First, we saw our walkway, decorated with snow. The gnomes were wondering who put out the lights, apparently.
Then we noticed some tulips that had not seen the snow coming. I hope they can spring back!
Laurelhurst Park itself is lovely in any weather, but is a Narnia sort of beautiful in the snow. The Ravine always looks like Mr. Tumnis is going to show up any moment.
As we walked around, we saw dozens of families enjoying the snow. There were snowmen, snowball fights, dogs dashing around. It was a winter wonderland… in March. I will show you the snowmen tomorrow.
The lake was very pretty through the trees, as the snow came down and sat on the surface for just a minute before melting.
After our walk, we came in and hung our wet clothes up in front of the fire, and spent the rest of the day alternately watching TV and snow!
Dear Liza, Yesterday afternoon, after many false predictions, it snowed!!
Well, it was precipitation and it wasn’t rain, so we will call it snow. It bounced when it hit, making steep pitched roofs and driveways look like Pachinko games. And of course, Grandpa Nelson and I walked out in it! (He said we were really going down to Zach’s Shack for lunch, but I know better).
Before we got to Zach’s, there was quite a crunchy layer of little ice balls (okay, it was hail) on the sidewalk and covering roofs. It lay on hoods and hatchbacks and surrounded fearless daffodils.
It was cold and lovely, like all winter beauty is when you have a warm, dry place waiting for you. Which we did. At Zach’s we ate some fries and watched the weather change, from heavy hail to damp grey skies to blinding sunshine. Then it was time to head home!
It is a new year, and I am looking forward to some more big changes. I will be coming to Salinas to stay with you for a few months while I teach, and my life here in Portland will be put on hold. Grandpa Nelson and Auntie Bridgett will stay here and take care of Mouse the kitten, the houseplants, and their jobs…but we won’t be together. This will be weird, and sometimes sad.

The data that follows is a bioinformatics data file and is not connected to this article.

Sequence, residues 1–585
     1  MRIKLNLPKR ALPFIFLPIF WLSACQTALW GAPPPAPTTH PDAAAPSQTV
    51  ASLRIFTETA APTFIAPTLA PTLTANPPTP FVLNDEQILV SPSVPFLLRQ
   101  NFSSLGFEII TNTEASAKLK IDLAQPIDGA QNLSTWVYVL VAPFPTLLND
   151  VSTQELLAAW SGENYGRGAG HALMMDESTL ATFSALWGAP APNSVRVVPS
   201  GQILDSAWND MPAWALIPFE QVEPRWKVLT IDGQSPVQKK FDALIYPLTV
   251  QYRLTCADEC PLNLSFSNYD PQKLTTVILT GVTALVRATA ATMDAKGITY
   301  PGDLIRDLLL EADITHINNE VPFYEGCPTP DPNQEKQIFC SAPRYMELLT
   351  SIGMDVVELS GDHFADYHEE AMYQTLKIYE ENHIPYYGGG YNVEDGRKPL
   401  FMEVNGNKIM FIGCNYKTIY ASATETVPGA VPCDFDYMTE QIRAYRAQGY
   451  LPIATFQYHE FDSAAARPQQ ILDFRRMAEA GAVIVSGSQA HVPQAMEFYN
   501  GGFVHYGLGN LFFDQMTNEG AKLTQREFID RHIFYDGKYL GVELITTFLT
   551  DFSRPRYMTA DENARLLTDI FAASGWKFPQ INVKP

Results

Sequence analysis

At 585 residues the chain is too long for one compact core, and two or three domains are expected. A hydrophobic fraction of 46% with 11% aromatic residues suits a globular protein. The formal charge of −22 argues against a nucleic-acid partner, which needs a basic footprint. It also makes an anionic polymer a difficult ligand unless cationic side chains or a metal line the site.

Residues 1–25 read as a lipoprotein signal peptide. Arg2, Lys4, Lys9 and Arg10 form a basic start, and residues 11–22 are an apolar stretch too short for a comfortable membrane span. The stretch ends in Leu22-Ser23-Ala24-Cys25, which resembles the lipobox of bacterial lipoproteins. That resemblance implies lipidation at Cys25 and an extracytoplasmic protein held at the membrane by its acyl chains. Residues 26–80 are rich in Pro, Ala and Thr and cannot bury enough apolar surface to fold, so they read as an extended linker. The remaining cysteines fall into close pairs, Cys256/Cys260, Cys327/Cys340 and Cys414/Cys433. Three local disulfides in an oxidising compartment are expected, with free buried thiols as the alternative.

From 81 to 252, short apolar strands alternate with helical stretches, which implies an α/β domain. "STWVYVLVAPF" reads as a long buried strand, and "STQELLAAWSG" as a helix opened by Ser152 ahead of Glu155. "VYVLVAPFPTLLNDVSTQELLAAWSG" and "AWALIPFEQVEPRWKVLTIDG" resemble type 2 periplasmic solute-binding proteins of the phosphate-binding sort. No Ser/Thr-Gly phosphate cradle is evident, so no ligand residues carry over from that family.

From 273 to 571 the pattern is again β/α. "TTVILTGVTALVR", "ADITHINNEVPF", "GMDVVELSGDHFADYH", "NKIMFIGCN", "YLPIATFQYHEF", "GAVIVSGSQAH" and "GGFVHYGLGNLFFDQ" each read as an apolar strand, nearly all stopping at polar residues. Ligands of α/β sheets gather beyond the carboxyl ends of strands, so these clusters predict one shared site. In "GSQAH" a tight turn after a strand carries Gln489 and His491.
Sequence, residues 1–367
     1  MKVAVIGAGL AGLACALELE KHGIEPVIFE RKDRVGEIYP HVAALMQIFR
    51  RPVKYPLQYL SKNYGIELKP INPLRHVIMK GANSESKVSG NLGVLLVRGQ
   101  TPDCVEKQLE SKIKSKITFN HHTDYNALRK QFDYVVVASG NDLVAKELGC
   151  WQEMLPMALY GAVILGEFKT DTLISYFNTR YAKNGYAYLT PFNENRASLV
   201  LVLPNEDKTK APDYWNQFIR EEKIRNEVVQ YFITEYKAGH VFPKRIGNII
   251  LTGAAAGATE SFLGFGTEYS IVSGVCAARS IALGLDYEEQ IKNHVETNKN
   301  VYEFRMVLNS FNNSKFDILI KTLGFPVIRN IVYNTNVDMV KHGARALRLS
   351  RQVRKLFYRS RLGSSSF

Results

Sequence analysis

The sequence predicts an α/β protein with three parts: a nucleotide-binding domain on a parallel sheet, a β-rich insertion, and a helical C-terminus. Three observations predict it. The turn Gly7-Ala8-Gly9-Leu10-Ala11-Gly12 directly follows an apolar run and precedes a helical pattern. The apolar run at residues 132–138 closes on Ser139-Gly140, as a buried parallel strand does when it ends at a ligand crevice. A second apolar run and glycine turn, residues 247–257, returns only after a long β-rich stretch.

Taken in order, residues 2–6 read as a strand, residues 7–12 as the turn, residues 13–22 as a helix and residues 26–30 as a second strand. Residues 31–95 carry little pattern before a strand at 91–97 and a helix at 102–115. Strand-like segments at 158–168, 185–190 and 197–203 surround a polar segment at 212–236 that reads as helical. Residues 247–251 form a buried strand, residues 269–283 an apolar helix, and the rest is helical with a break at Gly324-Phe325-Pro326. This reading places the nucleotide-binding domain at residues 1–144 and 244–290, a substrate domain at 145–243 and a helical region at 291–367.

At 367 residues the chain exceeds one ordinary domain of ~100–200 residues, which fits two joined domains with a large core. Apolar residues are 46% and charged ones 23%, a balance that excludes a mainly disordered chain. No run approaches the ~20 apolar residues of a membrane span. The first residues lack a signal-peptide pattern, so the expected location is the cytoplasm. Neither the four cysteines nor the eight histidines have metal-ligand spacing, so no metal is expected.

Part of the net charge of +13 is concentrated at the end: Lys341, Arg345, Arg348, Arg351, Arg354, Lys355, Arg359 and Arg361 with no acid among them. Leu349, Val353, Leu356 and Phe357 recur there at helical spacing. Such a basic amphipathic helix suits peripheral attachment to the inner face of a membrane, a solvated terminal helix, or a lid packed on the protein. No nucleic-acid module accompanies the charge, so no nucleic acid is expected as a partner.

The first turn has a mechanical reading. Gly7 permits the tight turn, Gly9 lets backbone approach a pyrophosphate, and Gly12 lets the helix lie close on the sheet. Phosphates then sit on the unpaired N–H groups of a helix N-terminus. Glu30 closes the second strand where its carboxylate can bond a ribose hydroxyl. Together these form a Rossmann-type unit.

Before looking forward, though, I want to look back on the crazy trip that got me here and what I love about Portland.
During the hot Summer, we learned about getting around on air-conditioned buses and trains. We got to visit our new favorite Laurelhurst Park with Auntie Katie and the cousins. We even walked to the Willamette River and put our feet in!
It was fun getting to show you all the things in our new city, like the zoo.
The biggest thing that we learned about is the weather. It rains a lot here, and we are getting used to asking Google if we should take an umbrella. It even snows! This takes getting used to, but is such a nice change from highs of 70 and lows of 50 that I don’t mind.
I have fallen in love with the theater and art here in Portland. Theaters are made from old churches, warehouses, and even set up in parks. Art and music are everywhere.
People playing music, reciting and writing poetry on street corners just isn’t something we saw in Salinas, and it is a real treat.
And of course, the history! I have been studying about Portland’s past…it’s buildings, trolley cars, and people. It is just about as old as Salinas, but since it is a bigger city, it has more stories.
There is so much I love about Portland. I will miss it, and then return in June to re-discover my new city all over again.